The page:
PNC2004Annual Conference in conjunction with PRDLA
PNC2004Annual Conference in conjunction with PRDLA
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Participants who plan to attend FREE National Palace Museum Tour should register via the on-line registration form. For those who want to join other CHARGED tours, please register at the registration desk from October 19~October 21.

Half-Day Tour

1. Tour of Chinese Culture – National Palace Museum
Date: October 22
Time: 10:00~12:30
Fare: Free of Charge (For Overseas Participants Only)
Highlight: Majestically situated in the thickly wooded hills of Waishuanghsi in suburban Taipei, the National Palace Museum is one of the world's most famous repositories of art, giving a breathtaking overview of Chinese culture. The museum houses more than 620,250 pieces of priceless Chinese treasures, some dating back 4,000 years.

2. Taipei Night Tour (including Mogolian Bar-B-Q Dinner)
Date: Daily
Time: 18:00~21:00
Fare: NT$ 1,200 / US$ 37
Highlight: Mongolian Bar-B-Q Dinner, Lungshan Temple, Hwahsi Night Market, Top View Taipei Observatory
Mongolian Bar-B-Q Dinner
It is served at a popular downtown restaurant with a variety of meats, venison, vegetable spices and seasoning. Concoct yourself and let the cook transform to perfect dinner on a huge charcoal grill.
Lungshan Temple
Taipei is home to many temples. Of these, Lungshan (Dragon Mountain ) Temple is the oldest and most famous. It is also one of Taiwan's finest examples of temple architecture.
Top View Taipei Observatory
Located opposite the Taipei Railway Station, the 244.15-meter-high Shinkong tower is Taipei's tallest building and a prominent city landmark. A high speed elevator brings visitors from the basement to the observatory on the 46th floor in only 30 seconds. The glass-walled observatory area gives visitors a bird's eye view of the whole Taipei Basin.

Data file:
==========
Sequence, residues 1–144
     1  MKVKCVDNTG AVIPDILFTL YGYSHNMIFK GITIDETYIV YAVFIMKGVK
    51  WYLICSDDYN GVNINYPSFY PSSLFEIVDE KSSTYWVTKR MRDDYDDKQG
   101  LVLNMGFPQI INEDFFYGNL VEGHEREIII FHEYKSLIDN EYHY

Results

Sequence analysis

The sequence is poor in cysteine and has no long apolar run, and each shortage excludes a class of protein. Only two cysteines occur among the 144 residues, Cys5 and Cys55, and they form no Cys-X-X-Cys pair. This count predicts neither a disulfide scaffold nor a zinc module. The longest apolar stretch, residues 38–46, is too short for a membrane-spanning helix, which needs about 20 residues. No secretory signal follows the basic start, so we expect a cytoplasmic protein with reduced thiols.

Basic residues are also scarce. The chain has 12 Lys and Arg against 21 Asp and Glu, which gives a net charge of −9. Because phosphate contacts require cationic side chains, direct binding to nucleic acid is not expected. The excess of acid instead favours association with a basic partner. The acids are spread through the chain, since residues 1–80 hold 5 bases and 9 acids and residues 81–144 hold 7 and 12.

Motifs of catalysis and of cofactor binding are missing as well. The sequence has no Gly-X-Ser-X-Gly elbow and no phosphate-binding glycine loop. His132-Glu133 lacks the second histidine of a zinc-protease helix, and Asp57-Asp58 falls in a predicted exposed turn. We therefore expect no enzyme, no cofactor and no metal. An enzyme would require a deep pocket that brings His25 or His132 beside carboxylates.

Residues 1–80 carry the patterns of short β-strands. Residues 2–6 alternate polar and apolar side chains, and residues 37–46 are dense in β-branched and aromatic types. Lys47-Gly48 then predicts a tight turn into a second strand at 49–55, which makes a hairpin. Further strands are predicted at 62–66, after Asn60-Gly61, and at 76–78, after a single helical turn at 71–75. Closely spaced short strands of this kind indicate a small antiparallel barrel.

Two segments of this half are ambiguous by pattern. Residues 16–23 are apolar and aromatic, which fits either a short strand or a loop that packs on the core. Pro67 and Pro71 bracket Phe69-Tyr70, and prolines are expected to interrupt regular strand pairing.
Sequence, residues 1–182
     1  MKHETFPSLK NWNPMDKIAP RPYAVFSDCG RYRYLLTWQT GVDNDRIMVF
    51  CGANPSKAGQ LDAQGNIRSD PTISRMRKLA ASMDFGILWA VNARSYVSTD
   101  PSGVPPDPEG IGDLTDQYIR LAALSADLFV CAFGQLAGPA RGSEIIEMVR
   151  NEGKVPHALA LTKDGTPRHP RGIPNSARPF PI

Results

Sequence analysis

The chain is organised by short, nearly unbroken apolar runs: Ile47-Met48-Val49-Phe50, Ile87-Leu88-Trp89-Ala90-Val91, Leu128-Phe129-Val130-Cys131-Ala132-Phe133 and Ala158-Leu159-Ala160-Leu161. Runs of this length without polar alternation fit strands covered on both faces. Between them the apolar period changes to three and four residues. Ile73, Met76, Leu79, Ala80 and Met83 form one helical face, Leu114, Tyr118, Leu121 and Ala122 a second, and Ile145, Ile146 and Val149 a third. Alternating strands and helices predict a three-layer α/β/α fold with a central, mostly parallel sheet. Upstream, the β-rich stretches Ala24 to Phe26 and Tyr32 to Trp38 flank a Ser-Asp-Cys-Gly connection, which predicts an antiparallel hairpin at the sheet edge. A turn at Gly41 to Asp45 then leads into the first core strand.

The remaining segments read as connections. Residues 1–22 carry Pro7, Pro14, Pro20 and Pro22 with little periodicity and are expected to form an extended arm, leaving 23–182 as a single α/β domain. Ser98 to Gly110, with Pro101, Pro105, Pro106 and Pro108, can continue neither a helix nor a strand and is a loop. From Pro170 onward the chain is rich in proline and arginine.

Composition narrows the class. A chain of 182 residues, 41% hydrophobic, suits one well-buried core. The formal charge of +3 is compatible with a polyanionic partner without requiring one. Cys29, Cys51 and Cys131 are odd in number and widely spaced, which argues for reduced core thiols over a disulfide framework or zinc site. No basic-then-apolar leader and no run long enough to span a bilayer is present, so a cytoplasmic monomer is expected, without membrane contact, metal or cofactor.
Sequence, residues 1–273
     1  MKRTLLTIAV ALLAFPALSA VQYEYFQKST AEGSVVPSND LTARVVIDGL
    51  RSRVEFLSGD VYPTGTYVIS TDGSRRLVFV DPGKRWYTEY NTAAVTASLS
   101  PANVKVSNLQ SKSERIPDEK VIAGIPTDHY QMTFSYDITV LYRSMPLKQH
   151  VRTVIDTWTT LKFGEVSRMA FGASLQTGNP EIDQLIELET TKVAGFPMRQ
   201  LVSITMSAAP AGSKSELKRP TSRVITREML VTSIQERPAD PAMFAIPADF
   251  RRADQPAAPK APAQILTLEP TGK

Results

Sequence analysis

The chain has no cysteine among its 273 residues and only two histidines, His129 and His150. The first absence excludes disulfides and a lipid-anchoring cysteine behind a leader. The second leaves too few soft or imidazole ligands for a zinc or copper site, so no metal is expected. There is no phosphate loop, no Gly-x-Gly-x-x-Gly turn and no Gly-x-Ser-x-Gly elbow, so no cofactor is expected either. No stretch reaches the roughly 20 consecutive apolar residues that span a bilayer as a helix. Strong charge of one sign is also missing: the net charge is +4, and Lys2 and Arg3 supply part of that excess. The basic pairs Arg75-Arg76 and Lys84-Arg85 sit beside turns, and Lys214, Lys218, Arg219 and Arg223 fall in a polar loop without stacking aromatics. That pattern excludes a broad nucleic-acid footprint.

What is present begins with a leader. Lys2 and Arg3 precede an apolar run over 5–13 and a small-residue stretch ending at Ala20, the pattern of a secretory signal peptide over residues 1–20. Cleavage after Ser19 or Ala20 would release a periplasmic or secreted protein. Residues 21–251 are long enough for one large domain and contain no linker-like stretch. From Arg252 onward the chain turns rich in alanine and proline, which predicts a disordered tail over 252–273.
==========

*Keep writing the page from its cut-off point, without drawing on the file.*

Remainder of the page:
3. Tour of Folk Arts – Sanhsia & Yingo
Date: Daily
Fare: NT$ 900 / US$ 28
Highlight: Sanhsia, about 22 kms Southwest of Taipei and a short drive from Yingo, is a bustling old town with narrow, winding streets and brick buildings that are nearly a century old. The town’s main attraction is the Tsu Shih Temple, one of the world’s finest examples of Chinese temple architecture. Visitors are welcomed to watch artisans intricately carve elaborate camphor wood carvings, stone lions, among other new temple decorations.
Yingo, the main ceramic-producing area of northern Taiwan, is famous for making products of pottery. The town features many porcelain shops for visitors to browse through and enjoy.

4. Chiufen Village & Northeast Coast Tour
Date: Daily
Time: 13:00~17:00
Fare: NT$ 1,000 / US$ 31
Highlight: The villages of Chiufen were once centers of gold mining in Taiwan. The gold is gone, but these quaint old villages, built of closely-packed houses clinging to steep mountainsides, continue to offer enchanting scenery and fascinating glimpses into the lifestyles of the past. The Northeast coast National Scenic Area is located in the northeast corner of Taiwan. The scenic area is noted for its numerous capes and bays backed by green mountains

One-Day Tour

1. Taroko Gorge Tour
Date: Daily
Time: 6:00~18:00
Fare: NT$ 4,500 / US$ 137
Highlight: Taroko Gorge is a 19-km (12 miles) section near the Eastern end of the Central Cross-Island Highway. Over the centuries the river has cut deeply into the mountains of solid marble forming an exceptionally beautiful, narrow ravine. The gorge features towering cliffs of marble deposits and is truly awesome. The route through it is filled with scenic sights like the Swallow’s Grotto, the Tunnel of Nine Turns, and Tien Hsiang.

Two-Day Tour

1. Eastern Taiwan Tour
Date: Daily
Fare: NT$ 7,200 / US$ 219
Highlight: Located in Hualien County on Taiwan’s East Coast, Toroko Gorge is known for its sheer marble cliffs, deep gorges, winding tunnels, and the Liwu Riever, which flows through its craggy landscape. This landscape originated over 230 million years ago. Time transformed the coral into limestone, which the intense heat of geotectonic movements turned into marble. The flow of the Liwu River created winding forges, rapids, waterfalls and hollows in rock, which still bear the marking of the massive tectonic movements that created Taiwan.